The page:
Let's suppose, for example, the company stock was bought for $10,000 and is currently worth $50,000 on the market. Your tax bill for transferring the stock to the brokerage firm will be based on the $10,000 purchase price. You won't be taxed on any of the gains until you sell it. Because the stock is being sold in a brokerage account, when you do sell it, it will be taxed at the more favorable capital gains tax rate, versus the ordinary income tax rate. In contrast, if you rolled over that stock into an IRA, it would eventually be taxed at your ordinary-income tax rate (when you have to sell the stock to start taking your required minimum distributions from the IRA).
There are, however, reasons to be cautious. Below are two:
- Make sure the holdings in your 401(k) are actual stock shares; some 401(k)s set up a fund that mimics the corporate stock's performance.
- Make sure the transfer of these holdings doesn't put such a sizable bump in your income that you get pushed into a higher tax bracket—and end up owing the Internal Revenue Service much more than you otherwise would come next April.
"If, on the other hand, a plan participant holds depreciated company stock that she plans to hold until the price goes higher, she should consider selling her shares and repurchasing them shortly thereafter," Swanburg adds. "Inside a 401(k), the wash-sale rule doesn't apply, and this resets the cost basis, increasing the potential for taking advantage of the NUA down the road."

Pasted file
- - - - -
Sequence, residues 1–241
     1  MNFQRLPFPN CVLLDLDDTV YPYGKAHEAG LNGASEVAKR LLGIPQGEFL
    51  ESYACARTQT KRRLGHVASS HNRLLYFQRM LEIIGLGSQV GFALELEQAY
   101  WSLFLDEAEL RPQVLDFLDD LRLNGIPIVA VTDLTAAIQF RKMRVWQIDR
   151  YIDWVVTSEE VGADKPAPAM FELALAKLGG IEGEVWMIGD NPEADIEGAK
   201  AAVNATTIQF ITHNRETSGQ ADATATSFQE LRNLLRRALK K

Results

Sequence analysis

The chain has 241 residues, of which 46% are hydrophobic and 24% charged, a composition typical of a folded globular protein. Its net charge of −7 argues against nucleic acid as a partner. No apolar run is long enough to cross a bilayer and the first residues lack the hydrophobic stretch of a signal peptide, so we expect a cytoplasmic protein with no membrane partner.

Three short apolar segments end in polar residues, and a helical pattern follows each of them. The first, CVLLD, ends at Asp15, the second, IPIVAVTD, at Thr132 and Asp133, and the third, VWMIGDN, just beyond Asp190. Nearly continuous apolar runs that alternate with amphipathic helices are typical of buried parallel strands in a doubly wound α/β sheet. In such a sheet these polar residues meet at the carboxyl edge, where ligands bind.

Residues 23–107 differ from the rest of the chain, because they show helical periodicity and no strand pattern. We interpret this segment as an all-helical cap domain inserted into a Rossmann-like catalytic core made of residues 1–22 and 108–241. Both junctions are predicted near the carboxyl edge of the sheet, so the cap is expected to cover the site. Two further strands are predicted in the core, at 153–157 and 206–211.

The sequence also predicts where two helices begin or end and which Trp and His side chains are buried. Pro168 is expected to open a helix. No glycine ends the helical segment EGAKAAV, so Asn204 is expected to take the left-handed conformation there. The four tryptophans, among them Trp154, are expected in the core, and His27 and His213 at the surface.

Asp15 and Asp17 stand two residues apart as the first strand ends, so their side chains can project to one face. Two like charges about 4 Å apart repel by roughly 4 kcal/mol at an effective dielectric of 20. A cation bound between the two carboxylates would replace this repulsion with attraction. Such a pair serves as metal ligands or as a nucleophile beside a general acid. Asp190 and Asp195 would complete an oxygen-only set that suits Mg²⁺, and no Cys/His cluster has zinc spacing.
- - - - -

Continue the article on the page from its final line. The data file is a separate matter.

Check with your company before deciding what to do with your 401(k) since you may not have the same access, fund-allocation privileges, or fees once you leave your job.
3. Legal Protection
Money held in a 401(k) is protected by federal law from pretty much all types of creditor judgments (other than IRS tax liens and, possibly, spousal or child support orders), including bankruptcy. IRAs are only protected by state law, whose shielding power varies.
The Bankruptcy Abuse Prevention and Consumer Protection Act of 2005 does protect up to $1 million (inflation-adjusted to $1,333,272 as of Nov. 2020) in traditional or Roth IRA assets against bankruptcy. But protection against other types of judgments varies by state and may even be different depending on whether your IRA is a Roth or the traditional form.
If you are concerned about potential judgments, creditors, or collections, keeping your 401(k) funds in place might afford the most safety.
4. Early Retirement Benefits